Beverly Thrills

Nicole M. Campbell is a KFI editrix. She doesn't understand how the yellow lines in parking lots stop the shopping carts. This week, in the continued movie wasteland that is the post-Oscar landscape, the Girl on Film pens her own La La Land love letter to the cinematic vending machine that has nourished her life, the New Beverly Theatre.


Think about what you know and how you know it. More specifically, how you learned it. It was probably from people, not a place. 

Much of what I know about movies I learned at the New Beverly Theatre. 

I started going to the one-room picture house, as the Brits like to say, when I was a teenager. Some people know they want to see the Eiffel Tower or hike some of the highest peaks in the world. My life was not going to be complete without seeing "Citizen Kane" on the big screen. 

The New Bev, as I affectionately call it, was many things before it was a movie theatre. That includes a candy factory and vaudeville house. Then it went to the saucy side, showing movies your mother warned you about. In 1978, a man named Sherman Torgan took over the closed theatre space and created the New Beverly, a place where classic cinema thrives. 

The New Bev shows double features - for cheap - with a theme. Maybe it's two by director Alex Cox. (You can see a young, pre-nose job Courtney Love in one of my favorites by Cox, "Sid and Nancy." And yes, I first saw it at the New Bev.) Maybe it's two starring Jack Lemmon. Maybe it's two movies with a plot about alien abduction. No matter the offering, it will be movies that are important in the historical cinematic canon, cult favorites, rare prints. And the programmers show the original previews, all scratchy negatives and sepia tones. There are even retro snack reminders.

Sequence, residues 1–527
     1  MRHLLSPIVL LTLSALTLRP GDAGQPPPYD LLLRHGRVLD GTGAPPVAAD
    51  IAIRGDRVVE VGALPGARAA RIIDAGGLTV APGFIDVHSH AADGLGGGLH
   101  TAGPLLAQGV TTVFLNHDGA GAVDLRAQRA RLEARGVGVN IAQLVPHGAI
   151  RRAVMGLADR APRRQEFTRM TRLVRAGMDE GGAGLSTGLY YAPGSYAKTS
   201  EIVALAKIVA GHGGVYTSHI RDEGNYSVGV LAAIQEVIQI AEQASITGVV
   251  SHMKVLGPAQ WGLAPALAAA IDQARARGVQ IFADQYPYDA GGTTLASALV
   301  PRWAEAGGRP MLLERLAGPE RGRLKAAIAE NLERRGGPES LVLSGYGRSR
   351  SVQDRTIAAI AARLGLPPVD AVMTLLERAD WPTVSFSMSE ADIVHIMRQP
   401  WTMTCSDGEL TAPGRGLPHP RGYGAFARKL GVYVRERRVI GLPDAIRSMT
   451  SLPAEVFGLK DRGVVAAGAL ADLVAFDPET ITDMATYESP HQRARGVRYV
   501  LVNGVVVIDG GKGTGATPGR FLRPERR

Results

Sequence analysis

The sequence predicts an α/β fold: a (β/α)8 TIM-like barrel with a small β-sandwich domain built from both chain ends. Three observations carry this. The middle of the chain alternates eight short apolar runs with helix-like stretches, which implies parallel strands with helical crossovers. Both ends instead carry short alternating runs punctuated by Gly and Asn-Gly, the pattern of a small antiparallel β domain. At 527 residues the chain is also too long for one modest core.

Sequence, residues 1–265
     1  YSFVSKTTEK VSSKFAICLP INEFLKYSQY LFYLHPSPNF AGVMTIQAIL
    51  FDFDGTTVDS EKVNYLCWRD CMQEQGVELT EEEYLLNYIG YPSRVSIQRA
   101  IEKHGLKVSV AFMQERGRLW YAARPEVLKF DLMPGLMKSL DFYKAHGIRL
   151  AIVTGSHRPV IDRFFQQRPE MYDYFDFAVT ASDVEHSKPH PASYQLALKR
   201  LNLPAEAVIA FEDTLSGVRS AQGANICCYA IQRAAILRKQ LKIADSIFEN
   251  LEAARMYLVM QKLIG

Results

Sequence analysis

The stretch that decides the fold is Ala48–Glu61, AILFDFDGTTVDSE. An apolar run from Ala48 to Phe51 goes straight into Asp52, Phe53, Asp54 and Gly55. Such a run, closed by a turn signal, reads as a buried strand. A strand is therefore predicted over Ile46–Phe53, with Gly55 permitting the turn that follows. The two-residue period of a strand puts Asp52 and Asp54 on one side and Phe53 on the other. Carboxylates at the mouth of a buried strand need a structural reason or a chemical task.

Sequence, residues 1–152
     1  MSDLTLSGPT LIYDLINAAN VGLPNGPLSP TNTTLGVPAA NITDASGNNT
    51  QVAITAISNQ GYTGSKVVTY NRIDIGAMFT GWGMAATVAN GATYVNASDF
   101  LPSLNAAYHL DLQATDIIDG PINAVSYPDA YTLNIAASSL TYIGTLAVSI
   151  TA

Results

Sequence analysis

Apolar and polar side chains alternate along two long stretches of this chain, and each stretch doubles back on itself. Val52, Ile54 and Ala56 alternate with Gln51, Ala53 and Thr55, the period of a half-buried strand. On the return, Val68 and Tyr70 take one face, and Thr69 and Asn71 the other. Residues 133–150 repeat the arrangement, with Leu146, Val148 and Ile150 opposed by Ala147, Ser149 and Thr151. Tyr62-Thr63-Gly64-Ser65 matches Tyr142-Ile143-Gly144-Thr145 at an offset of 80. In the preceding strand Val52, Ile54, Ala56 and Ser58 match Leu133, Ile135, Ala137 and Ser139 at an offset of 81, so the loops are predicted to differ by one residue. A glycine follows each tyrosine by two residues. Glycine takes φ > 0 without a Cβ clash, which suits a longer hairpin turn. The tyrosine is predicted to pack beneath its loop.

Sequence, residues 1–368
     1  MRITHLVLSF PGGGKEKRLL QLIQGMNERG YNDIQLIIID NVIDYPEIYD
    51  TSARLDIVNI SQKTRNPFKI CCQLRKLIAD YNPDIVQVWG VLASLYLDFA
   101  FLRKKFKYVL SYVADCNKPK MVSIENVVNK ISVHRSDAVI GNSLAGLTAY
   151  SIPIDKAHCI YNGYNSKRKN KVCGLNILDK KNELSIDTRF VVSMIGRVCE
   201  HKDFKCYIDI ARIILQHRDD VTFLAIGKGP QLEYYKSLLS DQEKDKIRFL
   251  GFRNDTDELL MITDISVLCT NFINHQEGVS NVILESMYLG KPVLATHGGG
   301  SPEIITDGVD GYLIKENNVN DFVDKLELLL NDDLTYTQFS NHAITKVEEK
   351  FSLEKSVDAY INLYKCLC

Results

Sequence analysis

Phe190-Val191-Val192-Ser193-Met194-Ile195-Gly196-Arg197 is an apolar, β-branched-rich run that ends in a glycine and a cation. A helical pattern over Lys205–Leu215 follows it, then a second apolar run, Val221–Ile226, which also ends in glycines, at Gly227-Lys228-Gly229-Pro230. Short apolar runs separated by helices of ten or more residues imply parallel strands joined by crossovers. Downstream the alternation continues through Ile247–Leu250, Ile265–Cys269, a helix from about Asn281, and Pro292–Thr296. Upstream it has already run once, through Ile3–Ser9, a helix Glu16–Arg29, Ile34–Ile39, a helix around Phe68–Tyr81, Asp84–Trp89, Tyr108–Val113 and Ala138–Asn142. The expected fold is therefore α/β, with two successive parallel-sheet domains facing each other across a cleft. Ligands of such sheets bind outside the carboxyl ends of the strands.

When Torgan - or Shermie, as my friend Carrie and I would secretly nickname him - died in 2007, I was worried the New Bev might close. Its insides had seen better decor days and the prime real estate on Beverly Blvd., west of La Brea, most certainly was attractive to developers. 

Carrie and I would wonder aloud about how cool it would be if Quentin Tarantino, a film fanatic who grew up in the Southland, would be the New Bev's benefactor. He could pay for the seats to be reupholstered, new drapes. But we worried a makeover would take some of the magic out of the theatre. We didn't want it to become a smaller version of the Arclight. (I call it the Barflight - why are people okay with paying upwards of $21 for a movie?) 

From our mouths to Tarantino's a "Reservoir Dogs" robbery gone right, everything fell into place. The famous director bought the New Beverly and took over as head programmer. Many films the theatre screens are from his own collection of prints. Yes, he shows his own stuff - mostly during midnight movie madness - and a wee bit too much grindhouse/gore/'70s kung fu offerings for this gal, but he has kept the spirit of Shermie alive. And for that, I and countless other hardcore repertory movie fans are forever grateful.

I'll be at the New Beverly this weekend, delighting in the disaster flicks that are my cinematic guilty pleasure. Of course the New Beverly was once a candy factory. It shows so much silver screen sweet stuff.

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